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Burden of King's car never wore on Almirola

July 07, 2014, David Caraviello,

Win signifies new era for driver, iconic team owner

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DAYTONA BEACH, Fla. -- For Aric Almirola, the quest to return the iconic No. 43 car to Victory Lane wasn't about history. It was personal.

"That was a challenge that I kind of put out in front of myself and said, 'OK, if I'm going to go drive that 43 car, I don't want to hear about the last win being John Andretti at Martinsville in 1999,' " the Richard Petty Motorsports driver said. "I want people to remember the last time the 43 car won was whenever we win, and so now going to New Hampshire next week, everybody is going to talk about the last time the 43 car won was Sunday in Daytona."

Indeed they will, after Almirola passed Kurt Busch to take the lead Sunday at Daytona International Speedway, and then held on through an hour-long rain delay before NASCAR called the race official 48 laps short of the scheduled finish. It was the first career victory for the 30-year-old Tampa native, and a huge one at that as race wins now qualify drivers for the Chase for the NASCAR Sprint Cup.


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But it was also so much larger than just one driver, given that the No. 43 car made famous by Petty had not been to Victory Lane since Andretti took it there at Martinsville Speedway in the spring of 1999. Between then and now were some difficult times for the organization that was once NASCAR's most successful -- fabled Petty Enterprises was folded into the entity that ultimately became RPM, and the team was nearly run into bankruptcy by former owner George Gillett.

It all combined to make it seem like much longer than 15 years between visits to Victory Lane. Although Kasey Kahne won twice in a brief tenure in the Petty fold and Almirola's teammate Marcos Ambrose has triumphed two times on road courses, the races and months and seasons continued to stretch on without NASCAR's most iconic vehicle basking in a spray of confetti and champagne.

Some wondered if it ever would, given the depths of which RPM had to climb out. Almirola -- who has two victories from the NASCAR Camping World Truck Series, and is credited with another on the Nationwide tour even though he was replaced by Denny Hamlin mid-race -- never doubted. He not only embraced the challenge, he made it his personal mission to be the driver who ended the No. 43 car's skid.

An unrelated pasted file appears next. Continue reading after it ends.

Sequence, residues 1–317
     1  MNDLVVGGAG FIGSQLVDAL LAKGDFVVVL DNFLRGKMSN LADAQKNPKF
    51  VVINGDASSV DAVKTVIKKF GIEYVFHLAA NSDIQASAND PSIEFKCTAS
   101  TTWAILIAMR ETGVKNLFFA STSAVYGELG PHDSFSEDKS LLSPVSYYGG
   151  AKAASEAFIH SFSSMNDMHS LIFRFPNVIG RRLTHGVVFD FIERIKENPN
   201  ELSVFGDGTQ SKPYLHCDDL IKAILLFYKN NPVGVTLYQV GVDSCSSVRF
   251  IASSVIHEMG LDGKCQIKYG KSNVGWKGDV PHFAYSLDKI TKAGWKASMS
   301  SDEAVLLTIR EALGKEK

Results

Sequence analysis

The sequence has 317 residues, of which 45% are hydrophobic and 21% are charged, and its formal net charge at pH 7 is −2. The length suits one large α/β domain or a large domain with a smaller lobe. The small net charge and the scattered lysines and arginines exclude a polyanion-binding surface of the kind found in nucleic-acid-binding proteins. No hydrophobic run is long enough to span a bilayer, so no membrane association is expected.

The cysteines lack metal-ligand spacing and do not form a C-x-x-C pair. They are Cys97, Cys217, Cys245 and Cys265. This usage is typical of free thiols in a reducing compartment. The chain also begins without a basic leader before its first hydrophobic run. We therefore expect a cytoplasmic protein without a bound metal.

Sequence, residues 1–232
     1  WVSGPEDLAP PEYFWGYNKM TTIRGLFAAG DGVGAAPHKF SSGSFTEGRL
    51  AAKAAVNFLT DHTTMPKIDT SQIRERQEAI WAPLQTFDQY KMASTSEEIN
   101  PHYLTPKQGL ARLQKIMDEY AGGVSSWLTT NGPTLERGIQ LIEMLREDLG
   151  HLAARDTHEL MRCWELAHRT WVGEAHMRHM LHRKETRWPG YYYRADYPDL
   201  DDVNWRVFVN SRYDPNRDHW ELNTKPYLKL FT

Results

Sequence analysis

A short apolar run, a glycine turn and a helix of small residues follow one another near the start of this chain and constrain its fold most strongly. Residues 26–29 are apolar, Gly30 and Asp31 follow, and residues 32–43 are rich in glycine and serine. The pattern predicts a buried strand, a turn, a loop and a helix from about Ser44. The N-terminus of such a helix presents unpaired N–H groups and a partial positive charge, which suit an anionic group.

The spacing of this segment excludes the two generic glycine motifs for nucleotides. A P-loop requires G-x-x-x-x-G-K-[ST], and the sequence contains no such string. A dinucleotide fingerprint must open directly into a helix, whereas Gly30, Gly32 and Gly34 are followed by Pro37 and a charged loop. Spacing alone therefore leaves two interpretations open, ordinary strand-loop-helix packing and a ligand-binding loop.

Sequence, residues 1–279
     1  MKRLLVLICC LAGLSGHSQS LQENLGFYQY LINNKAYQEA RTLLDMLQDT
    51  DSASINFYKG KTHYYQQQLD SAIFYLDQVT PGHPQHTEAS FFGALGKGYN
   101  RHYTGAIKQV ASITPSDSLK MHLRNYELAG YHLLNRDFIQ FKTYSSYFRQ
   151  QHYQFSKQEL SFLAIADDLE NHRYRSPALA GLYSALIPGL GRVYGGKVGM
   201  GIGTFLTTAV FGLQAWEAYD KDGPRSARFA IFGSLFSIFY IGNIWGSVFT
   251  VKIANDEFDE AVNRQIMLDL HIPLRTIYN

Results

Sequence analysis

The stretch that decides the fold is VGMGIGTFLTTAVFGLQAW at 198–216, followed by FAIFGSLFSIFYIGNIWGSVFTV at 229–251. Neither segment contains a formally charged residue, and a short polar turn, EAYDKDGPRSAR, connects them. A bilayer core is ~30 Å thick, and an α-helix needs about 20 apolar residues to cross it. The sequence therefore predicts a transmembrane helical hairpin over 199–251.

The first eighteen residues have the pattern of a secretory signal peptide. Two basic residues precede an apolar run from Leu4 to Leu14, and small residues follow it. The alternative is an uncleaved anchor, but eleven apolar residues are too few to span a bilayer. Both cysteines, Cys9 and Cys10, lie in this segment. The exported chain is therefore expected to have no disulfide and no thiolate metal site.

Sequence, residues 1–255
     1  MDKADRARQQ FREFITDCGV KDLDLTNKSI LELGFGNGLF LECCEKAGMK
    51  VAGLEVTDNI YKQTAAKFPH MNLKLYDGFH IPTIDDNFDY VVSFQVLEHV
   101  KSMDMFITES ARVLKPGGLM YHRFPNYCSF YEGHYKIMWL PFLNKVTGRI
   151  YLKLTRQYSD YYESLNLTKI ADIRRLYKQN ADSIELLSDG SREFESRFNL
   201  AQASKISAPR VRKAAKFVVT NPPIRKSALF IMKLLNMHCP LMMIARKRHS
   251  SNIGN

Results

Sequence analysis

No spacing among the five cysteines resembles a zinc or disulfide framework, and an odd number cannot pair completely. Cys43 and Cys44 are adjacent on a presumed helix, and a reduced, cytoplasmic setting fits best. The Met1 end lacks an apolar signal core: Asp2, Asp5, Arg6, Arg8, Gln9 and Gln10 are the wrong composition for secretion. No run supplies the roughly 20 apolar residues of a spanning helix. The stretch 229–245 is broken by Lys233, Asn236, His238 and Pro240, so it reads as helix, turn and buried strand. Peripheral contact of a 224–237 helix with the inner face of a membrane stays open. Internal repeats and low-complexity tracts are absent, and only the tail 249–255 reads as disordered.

"In 2012 when I came here, Richard Petty Motorsports was on the rebound, if you will, and had been through some turmoil and came out of that," Almirola said. "And Richard … wasn't going to give up on it. He was going to see it through, and get the race team back to where it needed to be to be competitive. I was so grateful that they thought that I could be the guy that could contribute to that, and could help get the 43 car back to where it needed to be, and to get the 43 car back to Victory Lane, more importantly."

The steps along the way were numerous -- Petty joining with business partners Andrew Murstein and Doug Bergeron to wrest control of the organization away from Gillett, the additions of competition director Sammy Johns and crew chief Trent Owens, a recent increased commitment from primary sponsor Smithfield Foods that allowed RPM to devote more resources to research and development. And then there was Almirola, a regular contender on plate tracks, who Sunday spotted his opportunity and seized it.

"Everybody always asks me, 'Oh, how much pressure is it to drive the King's car?' and all that stuff," Almirola said. "And to be honest with you, there's nobody that can put any more pressure on me than me, because I want to win for myself.  I know this sounds terrible, but it's more about winning so that I can feel a sense of accomplishment more than just winning to give Richard Petty another win. He's won enough races."

Almirola, who often trades playful shots with his car owner, showed off a wide smile. Patched in via a conference call -- although he had been in Daytona for much of the weekend, Petty left before the rain-delayed event, and was home in North Carolina "reading the funny papers and watching the race" -- the King's glee radiated through the phone line. He knew how long it had been since his former car had tasted triumph.

"It was what, '99? If you look back at the history and Petty Enterprises, all the turmoil we've been through in the last seven, eight years and all that stuff, I never gave up on the thing," he said. "So it was one of those deals that I said, 'OK, if I keep working at it long enough, we're going to be able to overcome all this.' Just winning one race doesn't overcome it. Don't get me wrong. But it puts you in a higher speed track, and you know you can do it. It proves that we can do it, the drivers know we can do it, and I think it's just going to make it that much easier to go from here."

Significance enveloped Sunday's outcome like the humidity permeating central Florida. As a kid, Almirola used to journey across the peninsula to Daytona, both to race karts at Municipal Stadium and see races at the big track. Petty's landmark 200th victory, complete with Ronald Reagan in attendance, occurred at Daytona 30 years ago this weekend. The man who called that event over the radio, Barney Hall, was up in the booth Sunday announcing a race for the final time.

And yet Sunday afternoon, Petty had no use for the past. With the No. 43 car at last back in Victory lane, the King was eager to look ahead. "Thirty years ago is history, OK?" he said. "Today is future. Today is today."


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